Dernier ajout : 29 août.
Un Buda is the story of a young man who lives in the big city and struggles to evade his deep spiritual need to find out who he is. Loss, disillusion and tragedy lead him into extremes ascetic spiritual practices. He travels to a Zen temple in the mountains in search of his Master. He finds him, but not everything is as he expected...
There are quite a few festivals that fall in April. For the Chinese community, there’s the annual Ts’ing-ming when they visit the graves in honour of their ancestors.
Deshimaru singing in the snow in Japan.
Comme back in tradition
Mara: "You who go where others dare not; Will you be my God? The architect of my house?"
Siddhartha: "Finally I meet the illusion of self; Your evil house will not be built again."
Mara: "But you live in me; I am your house."
Siddhartha: "O, trickster; phantom of my own ego, you are pure illusion. You, self, do not exist. The earth is my witness."
Seoul, South Korea — The retrieval of the seal of Emperor Gojong of the Chosun Dynasty, some 100 years after it disappeared, has rekindled interest in how Korean cultural properties were smuggled out of the country and how to retrieve them.
Is this the true face of the Bard we see before us? Shakespeare painting is ’only surviving portrait painted from life’. A portrait of William Shakespeare believed to be the only surviving picture of the playwright painted during his lifetime was unveiled in London on Monday.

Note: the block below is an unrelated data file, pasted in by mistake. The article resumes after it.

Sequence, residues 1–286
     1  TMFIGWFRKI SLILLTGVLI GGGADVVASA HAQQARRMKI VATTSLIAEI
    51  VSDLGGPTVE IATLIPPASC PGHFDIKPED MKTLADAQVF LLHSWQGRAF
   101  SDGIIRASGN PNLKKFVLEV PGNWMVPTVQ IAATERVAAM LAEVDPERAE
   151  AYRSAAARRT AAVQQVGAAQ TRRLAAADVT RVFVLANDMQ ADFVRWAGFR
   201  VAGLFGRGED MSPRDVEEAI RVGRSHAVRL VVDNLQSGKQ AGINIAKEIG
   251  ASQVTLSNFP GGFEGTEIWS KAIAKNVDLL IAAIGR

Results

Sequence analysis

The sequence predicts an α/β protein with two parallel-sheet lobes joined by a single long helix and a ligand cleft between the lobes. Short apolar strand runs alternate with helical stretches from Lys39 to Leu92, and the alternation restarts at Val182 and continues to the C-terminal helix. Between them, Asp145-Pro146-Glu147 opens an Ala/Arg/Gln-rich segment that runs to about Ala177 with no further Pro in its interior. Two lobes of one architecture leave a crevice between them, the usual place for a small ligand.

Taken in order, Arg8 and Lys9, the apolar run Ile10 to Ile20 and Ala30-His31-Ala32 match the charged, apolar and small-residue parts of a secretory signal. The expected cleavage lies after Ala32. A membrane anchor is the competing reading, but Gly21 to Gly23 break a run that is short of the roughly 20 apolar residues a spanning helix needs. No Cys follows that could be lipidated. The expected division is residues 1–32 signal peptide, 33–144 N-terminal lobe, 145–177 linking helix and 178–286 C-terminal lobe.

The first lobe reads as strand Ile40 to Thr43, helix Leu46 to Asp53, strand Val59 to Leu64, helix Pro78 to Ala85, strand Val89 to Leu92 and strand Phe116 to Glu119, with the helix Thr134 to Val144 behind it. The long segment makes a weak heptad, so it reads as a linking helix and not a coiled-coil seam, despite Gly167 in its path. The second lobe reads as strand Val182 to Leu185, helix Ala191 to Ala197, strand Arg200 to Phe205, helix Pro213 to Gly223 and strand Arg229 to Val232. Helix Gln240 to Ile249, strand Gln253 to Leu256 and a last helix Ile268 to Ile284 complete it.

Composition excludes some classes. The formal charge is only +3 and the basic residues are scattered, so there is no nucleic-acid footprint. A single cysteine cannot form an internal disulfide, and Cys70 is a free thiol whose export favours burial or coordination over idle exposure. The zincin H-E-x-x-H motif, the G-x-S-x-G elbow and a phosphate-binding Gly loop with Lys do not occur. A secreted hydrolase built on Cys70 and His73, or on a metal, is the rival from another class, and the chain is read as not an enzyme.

While Buddhist teaching emphasises death and impermanence, it’s not easy to set ourselves free from multiple cravings and the pleasures of a euphoric life. Death can come at any time, even without a warning, whether our own departure from this world or the loss of our loved ones.
Threads of both time and spirituality are what Isadora Gabrielle Leidenfrost weaves together in her one-of-a-kind career. In addition to being a Ph.D. student at UW-Madison, she is a documentary filmmaker, and a historian who studies the role of textiles in religious worship.
Today, the Japanese city of Hiroshima is a thriving metropolis of 1.2 million that speaks with the rumble and squeal of streetcars and traffic. But on Aug. 6, 1945, an atomic bomb shattered the city, killing more than 90,000. Of those who survived, one man, Ikuo Hirayama, would go on to turn the devastation into art.
In Tibet, for every artifact on display or in storage somewhere else in the world, there is a hole. A hole in a shrine, a hole in a tomb, a hole in a people’s history.